Quitter's Day

Bronwyn's picture

One week till quitter’s day! Are you counting down? 


Statistically speaking, most people quit their New Year's resolutions by Jan 17th, and yes, there’s a name for that: Quitter’s Day. Every year we make them, and every year we break them. Why are resolutions doomed to fail? And why do we keep setting them? Here’s a look at the why and the how of attaining your health goals for 2020.


The main reason they fail is that New Year's Resolutions are almost never sustainable. A good example is the very common goal to “get in shape”. This is a worthy goal, and I strongly encourage a vibrant, active lifestyle. However, as with all TCM care, you have to meet yourself where you’re at. If you have never exercised before, then buying a gym pass or buying a set of weights and resolving to work out every day is not sustainable. A patient told me she and her partner were starting to work out twice a day. Choose a small attainable goal and reassess every month. If you have a desk job and drive or take transit to work, a reasonable goal will be to walk to work, or get off the bus for a 15 minute walk before and after work; take the stairs; stand during the day rather than sitting; find creative ways to incorporate movement into your day for the month of January. Then maybe in February you’ll be ready to lengthen that walk, or start riding your bike to work instead. Then add a day at the gym or the pool. Once again, at the end of February, reassess and set a new, modest, achievable goal. 


Failure reason number two: the resolution itself doesn’t come with specialized knowledge. So when you say “I'm going to eat better”, know that you are undertaking a very large learning project. Proper food prep, eating habits and nutrition are specialized knowledge that don’t come naturally to everyone. It takes research, time, effort and, above all, interest to undertake this kind of learning. Take the time to learn how to plan and prep meals throughout the week that will make this an attainable goal. Here are some great basic guidelines.

The third reason why new year's resolutions generally don’t work is their lack of accountability. There has to be some reason for you to attempt change, and there should be measurable outcomes that help you stay on track. Accountability is another word for personal responsibility. Taking personal responsibility for yourself and your actions ties you to the outcome in a different way. So, for example, if you are able to set an attainable goal (I will start to eat better), endeavour to learn about the goal (I’m thinking ahead and organizing a meal plan for the week), then take responsibility for the moments where you fall down, and don’t let it make you quit. Take the extra cash you saved from not eating lunch out during the week and use it to buy a new cook book or a VitaMix.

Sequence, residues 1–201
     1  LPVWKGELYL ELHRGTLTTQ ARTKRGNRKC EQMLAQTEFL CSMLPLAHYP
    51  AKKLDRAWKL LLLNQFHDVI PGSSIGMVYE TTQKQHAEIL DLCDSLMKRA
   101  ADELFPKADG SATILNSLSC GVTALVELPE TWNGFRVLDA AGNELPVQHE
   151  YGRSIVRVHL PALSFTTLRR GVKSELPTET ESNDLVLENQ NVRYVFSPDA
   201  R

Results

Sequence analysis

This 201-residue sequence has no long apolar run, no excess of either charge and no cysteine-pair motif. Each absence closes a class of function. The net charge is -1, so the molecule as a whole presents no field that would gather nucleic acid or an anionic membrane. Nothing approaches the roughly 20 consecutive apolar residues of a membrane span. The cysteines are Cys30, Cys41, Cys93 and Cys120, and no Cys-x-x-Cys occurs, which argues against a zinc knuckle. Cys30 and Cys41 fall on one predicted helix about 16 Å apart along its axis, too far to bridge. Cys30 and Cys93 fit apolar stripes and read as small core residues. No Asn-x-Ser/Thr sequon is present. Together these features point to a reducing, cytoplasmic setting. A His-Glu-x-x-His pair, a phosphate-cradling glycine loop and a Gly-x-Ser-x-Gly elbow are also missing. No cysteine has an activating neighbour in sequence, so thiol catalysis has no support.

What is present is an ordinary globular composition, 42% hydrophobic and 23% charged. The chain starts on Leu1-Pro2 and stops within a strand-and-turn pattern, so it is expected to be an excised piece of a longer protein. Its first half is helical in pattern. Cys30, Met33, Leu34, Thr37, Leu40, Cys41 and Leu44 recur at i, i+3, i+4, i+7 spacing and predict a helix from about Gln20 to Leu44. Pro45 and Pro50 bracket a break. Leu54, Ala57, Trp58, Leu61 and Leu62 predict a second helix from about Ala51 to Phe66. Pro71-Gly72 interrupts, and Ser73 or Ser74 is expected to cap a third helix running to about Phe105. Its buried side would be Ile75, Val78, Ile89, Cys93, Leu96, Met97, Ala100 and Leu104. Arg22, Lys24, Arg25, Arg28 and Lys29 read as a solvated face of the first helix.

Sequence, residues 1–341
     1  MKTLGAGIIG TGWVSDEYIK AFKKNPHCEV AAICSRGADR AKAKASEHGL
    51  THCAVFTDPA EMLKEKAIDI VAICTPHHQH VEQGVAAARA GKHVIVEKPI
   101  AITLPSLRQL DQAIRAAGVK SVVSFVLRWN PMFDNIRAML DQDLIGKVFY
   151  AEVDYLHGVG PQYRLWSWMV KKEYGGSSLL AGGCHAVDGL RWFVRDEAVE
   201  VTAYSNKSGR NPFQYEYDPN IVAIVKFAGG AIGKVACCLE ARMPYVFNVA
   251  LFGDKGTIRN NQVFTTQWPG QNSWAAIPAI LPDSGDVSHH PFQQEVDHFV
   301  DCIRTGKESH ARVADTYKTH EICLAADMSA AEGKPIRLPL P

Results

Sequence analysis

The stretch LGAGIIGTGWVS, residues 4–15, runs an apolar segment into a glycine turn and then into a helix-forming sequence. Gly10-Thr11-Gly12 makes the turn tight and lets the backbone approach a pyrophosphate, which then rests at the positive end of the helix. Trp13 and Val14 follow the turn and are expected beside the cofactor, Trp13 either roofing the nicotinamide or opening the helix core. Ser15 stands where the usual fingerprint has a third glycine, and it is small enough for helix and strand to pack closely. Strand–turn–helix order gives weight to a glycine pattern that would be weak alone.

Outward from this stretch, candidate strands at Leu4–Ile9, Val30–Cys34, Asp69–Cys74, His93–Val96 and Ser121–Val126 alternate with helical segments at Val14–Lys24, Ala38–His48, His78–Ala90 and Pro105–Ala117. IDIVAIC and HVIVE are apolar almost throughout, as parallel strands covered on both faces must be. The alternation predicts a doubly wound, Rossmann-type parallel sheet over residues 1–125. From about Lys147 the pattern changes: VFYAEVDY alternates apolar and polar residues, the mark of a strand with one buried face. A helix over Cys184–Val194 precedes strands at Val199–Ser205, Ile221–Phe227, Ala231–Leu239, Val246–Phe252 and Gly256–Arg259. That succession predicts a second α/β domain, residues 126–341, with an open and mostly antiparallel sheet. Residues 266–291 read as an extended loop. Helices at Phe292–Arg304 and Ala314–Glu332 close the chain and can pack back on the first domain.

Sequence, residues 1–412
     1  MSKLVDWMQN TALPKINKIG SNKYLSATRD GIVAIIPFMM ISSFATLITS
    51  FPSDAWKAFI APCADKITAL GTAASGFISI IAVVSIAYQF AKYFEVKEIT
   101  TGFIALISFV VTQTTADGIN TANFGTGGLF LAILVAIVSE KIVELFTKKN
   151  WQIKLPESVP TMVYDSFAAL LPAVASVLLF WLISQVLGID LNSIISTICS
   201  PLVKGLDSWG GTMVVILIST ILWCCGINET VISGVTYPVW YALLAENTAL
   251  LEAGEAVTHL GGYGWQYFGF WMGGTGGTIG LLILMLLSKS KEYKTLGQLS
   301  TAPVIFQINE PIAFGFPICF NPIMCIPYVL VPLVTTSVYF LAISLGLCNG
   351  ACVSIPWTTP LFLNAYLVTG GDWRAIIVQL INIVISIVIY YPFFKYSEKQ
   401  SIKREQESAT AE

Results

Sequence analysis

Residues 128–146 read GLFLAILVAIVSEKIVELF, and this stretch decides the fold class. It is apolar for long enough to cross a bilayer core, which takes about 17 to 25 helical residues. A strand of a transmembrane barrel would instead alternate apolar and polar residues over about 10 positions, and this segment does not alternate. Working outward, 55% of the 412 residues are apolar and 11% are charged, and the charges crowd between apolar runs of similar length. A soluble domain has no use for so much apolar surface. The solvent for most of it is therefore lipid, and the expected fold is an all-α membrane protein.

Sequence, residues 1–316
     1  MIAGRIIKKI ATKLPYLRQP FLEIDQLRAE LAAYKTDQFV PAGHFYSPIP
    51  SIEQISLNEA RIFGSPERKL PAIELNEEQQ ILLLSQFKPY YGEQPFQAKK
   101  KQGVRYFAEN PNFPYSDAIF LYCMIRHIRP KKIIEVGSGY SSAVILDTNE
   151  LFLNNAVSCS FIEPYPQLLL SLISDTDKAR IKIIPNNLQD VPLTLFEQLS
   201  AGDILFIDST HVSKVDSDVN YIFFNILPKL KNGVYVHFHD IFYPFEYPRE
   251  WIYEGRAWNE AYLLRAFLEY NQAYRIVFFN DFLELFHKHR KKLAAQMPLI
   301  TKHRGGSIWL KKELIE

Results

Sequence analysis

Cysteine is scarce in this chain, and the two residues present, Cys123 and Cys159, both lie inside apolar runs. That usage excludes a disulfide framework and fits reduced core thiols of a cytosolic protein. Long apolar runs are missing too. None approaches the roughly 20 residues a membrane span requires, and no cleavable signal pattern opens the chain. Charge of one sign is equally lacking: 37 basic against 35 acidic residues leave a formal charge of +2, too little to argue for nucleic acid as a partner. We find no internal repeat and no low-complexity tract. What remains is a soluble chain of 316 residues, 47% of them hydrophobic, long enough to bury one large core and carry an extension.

Within a New Year’s resolution lies the implication that one size fits all. One of the most fundamental tenets of chinese medicine is the belief in individual care. The conversation about population health versus individualized health is an ongoing discourse in public health care not only in Canada but internationally as well. With TCM care, your goals and your treatment plan will be individualized. It’s fascinating to see how many new studies are starting to show the benefits of individual care. For example recent research shows that your blood type defines your susceptibility to certain viruses. Turns out we’re not all the same! 

And, finally, as I always remind my patients again and again: relapse is the norm. You're not going to do this all at once. Try, fail, try, fail and then what? Well, try again. That’s the way it is for everyone. Make an attainable goal; learn about the goal; take responsibility for the small failures, get up, brush yourself off, and continue on. 


If you have any questions about your individual health picture, please call and book a 15 minute phone consultaiton. I'm always available for a chat.

Call us at or 604-678-8600 or email.